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Parent-child group reading 'Corner of the Universe'

An interview with Herb Malveaux, coordinator for the Parent-Child Book Club at the east Columbia branch of the Howard County Public Library.

What is the age range of the children in this group? Ages 9 through 12, officially. Occasionally we have a child a little older or younger. The literature can be kind of expansive, even though it's in the children's section.

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What are you reading this month? A Corner of the Universe by Ann M. Martin. It's a story of a young girl, Hattie Owen, who lives in a small town with her family who runs a boarding house during the 1960s. She meets a girl, Leila, from a traveling carnival and becomes involved with her. It's a threefold story about Hattie's relationship with her family at the boarding house; her encounters with the people from the traveling fair; and thirdly, and most profoundly, Hattie's discovery of a mentally retarded uncle who also comes to live in her hometown.

How long has this group been meeting? This is our fourth year coming up in September. We started off with three families. We fluctuate between three and eight families. Of all the book groups that I have led, this group has never taken [time] off. They've met every single month for all four years.

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What kinds of stories do your club members like most? The majority of the children are boys. They enjoy a lot of adventure and life challenges. The girls prefer relationship books. I try to have a contrast from month to month. We're trying to stretch our reading desires so that the girls are reading some adventure, and the boys are reading historical fiction and some love stories. We just finished The Rope Trick by Lloyd Alexander, which could be classified as a fantasy. It's about a girl who is challenged by her father to perform a rope trick, supposedly the ultimate magic trick. There are some other worldly elements toward the end of the story.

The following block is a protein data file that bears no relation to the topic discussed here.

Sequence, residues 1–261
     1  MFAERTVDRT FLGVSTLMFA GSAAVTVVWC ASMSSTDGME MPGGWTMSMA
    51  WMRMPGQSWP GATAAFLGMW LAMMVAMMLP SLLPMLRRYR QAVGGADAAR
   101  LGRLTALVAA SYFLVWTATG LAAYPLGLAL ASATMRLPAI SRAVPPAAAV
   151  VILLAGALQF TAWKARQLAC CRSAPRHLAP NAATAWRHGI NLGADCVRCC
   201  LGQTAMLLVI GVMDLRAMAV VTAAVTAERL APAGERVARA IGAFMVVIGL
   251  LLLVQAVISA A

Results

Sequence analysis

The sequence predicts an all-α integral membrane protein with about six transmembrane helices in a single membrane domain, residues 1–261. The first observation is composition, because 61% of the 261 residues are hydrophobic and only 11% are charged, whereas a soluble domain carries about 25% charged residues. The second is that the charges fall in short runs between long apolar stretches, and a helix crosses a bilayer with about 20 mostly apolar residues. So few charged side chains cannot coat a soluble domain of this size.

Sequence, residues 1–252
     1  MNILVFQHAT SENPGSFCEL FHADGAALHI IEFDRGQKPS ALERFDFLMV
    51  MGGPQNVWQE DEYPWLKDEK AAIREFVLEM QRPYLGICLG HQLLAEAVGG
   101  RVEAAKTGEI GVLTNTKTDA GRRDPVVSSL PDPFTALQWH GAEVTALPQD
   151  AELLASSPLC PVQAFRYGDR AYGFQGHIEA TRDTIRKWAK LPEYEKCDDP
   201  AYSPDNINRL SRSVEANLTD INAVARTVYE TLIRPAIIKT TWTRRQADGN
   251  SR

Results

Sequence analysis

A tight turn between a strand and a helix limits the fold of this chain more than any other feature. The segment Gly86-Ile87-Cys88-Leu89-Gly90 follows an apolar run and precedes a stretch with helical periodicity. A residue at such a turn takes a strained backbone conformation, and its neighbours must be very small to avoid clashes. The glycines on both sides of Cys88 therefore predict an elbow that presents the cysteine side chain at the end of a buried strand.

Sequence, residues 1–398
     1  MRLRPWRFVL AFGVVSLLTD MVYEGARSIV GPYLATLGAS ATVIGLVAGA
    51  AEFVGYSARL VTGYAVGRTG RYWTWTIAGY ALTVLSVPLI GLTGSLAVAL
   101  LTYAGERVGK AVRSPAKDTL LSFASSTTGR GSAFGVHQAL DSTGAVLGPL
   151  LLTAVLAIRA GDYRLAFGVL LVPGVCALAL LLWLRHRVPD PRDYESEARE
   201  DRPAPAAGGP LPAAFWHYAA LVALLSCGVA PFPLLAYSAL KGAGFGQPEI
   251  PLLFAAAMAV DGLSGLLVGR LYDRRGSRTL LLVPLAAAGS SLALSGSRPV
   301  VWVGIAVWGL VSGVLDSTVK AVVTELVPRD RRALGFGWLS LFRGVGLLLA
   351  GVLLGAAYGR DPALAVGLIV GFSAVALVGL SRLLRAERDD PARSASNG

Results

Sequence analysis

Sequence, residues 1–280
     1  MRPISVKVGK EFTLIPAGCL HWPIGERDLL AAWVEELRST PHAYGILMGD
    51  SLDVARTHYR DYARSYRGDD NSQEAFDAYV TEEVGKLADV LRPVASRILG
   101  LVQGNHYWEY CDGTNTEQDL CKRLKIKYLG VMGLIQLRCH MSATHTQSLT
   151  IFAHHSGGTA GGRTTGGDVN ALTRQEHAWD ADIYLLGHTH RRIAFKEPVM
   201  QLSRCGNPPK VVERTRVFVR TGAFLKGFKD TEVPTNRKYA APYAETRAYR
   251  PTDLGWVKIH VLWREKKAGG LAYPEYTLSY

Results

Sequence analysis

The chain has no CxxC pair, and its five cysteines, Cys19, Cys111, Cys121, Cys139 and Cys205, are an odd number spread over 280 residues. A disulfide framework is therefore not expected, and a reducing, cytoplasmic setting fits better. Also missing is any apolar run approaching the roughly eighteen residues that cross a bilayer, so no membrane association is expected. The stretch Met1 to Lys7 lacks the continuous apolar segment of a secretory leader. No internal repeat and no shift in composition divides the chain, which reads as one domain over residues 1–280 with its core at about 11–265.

Do you have other activities for them in addition to the book discussion? We usually start out the group with a discussion of the author; then we get into talking about the story. Last month, we learned how to do a rope trick. That was augmented by a child magician in our group. We usually end with a little social time with snacks and catching up with what's happening in their families. We've become friends in the course of four years. Sometimes I give them an extra task to write or e-mail the author about a question we had that couldn't get resolved in the discussion. The authors are pleased to respond. It's always a big deal when we read what the authors have said.

Are there any particular challenges to holding a discussion with this age group? I try to be mindful that everyone gets a chance to talk in each meeting. I do have to keep a tight rein to make sure everyone gets to say something. We do have kids debating topics among themselves and with the parents. This book club is unique because often the child is given the task of defending their view against an adult perspective.


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